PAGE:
News

“Wal-Mart Stores Inc this week sued Visa Inc for $5 billion, accusing the credit and debit card network of excessively high card swipe fees, several months after the retailer opted out of a class action settlement between merchants and Visa and MasterCard Inc. In December, a federal judge in Brooklyn, N.Y., approved a $5.7 billion class action settlement between merchants and Visa and MasterCard despite the objections of thousands of retailers that complained it was inadequate. Wal-Mart, Amazon.com Inc, and Target Corp were among those opting out of the monetary components of the settlement to have the freedom to seek damages on their own.” Continue reading

“In a decree issued by the finance ministry, the 300 euro limit per person per day was scrapped, along with restrictions on breaking fixed-interest time deposits prior to maturity. The decree also allowed, under conditions, individuals to open bank accounts in other credit institutions. Restrictions remain on moving money abroad. Cypriot officials have previously said they anticipate that all controls could be fully lifted by the end of 2014. Cyprus was forced to wind down a major bank and convert large deposits in a second to recapitalise it in order to qualify for aid from the International Monetary Fund and the European Commission.” Continue reading

“Russian President Vladimir Putin’s spokesman Dmitry Peskov has said the downgrade of Russia’s rating outlook by the Standard & Poor’s ratings agency was due to a directive rather than objective circumstances. The downgrade decision ‘was clearly directive, not objective,’ Peskov told journalists Friday, adding that such forecasts reduce the degree of credibility of such agencies. On March 20, S&P said it revised its outlook on the Russian Federation to negative from stable. Fitch Ratings on Thursday revised the outlook on Russia’s long-term foreign and local currency Issuer Default Ratings (IDR) to negative from stable and affirmed the IDRs at ‘BBB’.” Continue reading

Putin eyes a Russian credit card system after Western sanctions

“President Vladimir Putin on Thursday said Russia should create its own national payment settlement system, in a bid to reduce economic dependence on the West amid the controversy over Moscow’s seizure of Crimea. In countries such as Japan and China these systems work, and work very well,’ Putin told lawmakers in televised remarks. Initially, they started out solely as national systems limited to their own markets, their own territory, their own population but they are becoming more popular right now.’ ‘Why should we not do it? We should definitely do it and we will do it,’ he said, noting that Russia’s Central Bank and the government have been looking into the matter.” Continue reading

“The rumor spread quickly. A small rural lender in eastern China had turned down a customer’s request to withdraw 200,000 yuan ($32,200). Bankers and local officials say it never happened, but true or not the rumor was all it took to spark a run on a bank as the story passed quickly from person to person, among depositors, bystanders and even bank employees. Savers feared the bank in Yancheng, a city in Sheyang county, had run out of money and soon hundreds of customers had rushed to its doors demanding the withdrawal of their money despite assurances from regulators and the central bank that their money was safe.” Continue reading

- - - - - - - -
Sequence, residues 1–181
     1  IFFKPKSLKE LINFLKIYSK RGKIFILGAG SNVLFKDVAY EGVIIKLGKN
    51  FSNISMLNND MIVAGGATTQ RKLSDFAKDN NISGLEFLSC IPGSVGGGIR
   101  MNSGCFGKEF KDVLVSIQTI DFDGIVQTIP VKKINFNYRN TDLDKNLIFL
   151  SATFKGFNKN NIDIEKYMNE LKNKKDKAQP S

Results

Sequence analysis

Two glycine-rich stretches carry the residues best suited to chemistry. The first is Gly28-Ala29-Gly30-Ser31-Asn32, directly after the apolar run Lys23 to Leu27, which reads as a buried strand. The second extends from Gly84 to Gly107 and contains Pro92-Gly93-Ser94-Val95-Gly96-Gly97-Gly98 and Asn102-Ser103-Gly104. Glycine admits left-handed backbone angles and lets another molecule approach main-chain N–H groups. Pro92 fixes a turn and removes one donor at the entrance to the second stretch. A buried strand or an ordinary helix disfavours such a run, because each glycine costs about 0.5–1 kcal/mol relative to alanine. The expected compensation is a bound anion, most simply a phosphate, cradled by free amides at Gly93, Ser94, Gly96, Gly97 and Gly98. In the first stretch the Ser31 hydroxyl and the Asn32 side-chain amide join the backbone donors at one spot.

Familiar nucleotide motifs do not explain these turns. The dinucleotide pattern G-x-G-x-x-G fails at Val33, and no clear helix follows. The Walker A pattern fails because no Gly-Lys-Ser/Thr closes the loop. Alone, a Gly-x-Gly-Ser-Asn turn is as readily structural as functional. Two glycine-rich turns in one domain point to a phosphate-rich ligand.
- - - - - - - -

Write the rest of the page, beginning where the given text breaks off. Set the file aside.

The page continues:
“At the moment, if HMRC want to seize your property or cash, they have to take you to court, win and then get a court order. Now, after a couple of warning letters and a phone call, they apparently can do it at the flick of a switch. Crucially, there’s no safeguard built into this system – where’s the appeal process? To repeat, if HMRC decide you owe them cash, they just take it. If you haven’t managed to reach agreement with them, then you’ll just wake up one morning, check your bank account, and find the money’s gone. We’re told that ‘a minimum of £5,000 will be left across debtors’ accounts.’ That’s a very low threshold – especially for a business or a pensioner.” Continue reading

“The head of the European Union’s policing agency warned on Monday that virtual currencies such as Bitcoin were being used for money laundering and called for police to be given more powers to identify criminal suspects operating on the Internet. ‘We’re seeing that virtual currencies are being used as an instrument to facilitate crime, particularly in regard to the laundering of illicit profits,’ said Europol head Rob Wainwright, speaking on the margins of a nuclear security conference in The Hague. Wainwright said police should be given new powers to allow them to identify anonymous participants online and bring them to justice.” Continue reading

“There is no need for central banks’ balance sheets to shrink. They could stay permanently larger; and, for some countries, permanently bigger central-bank balance sheets will help reduce public-debt burdens. Even when permanent monetization occurs — as it almost certainly will in Japan and possibly elsewhere — it may remain forever the policy that dare not speak its name. Such reticence may serve a useful purpose. But it must not blind central banks and governments to the full range of policy tools available to address today’s severe debt overhangs.” Continue reading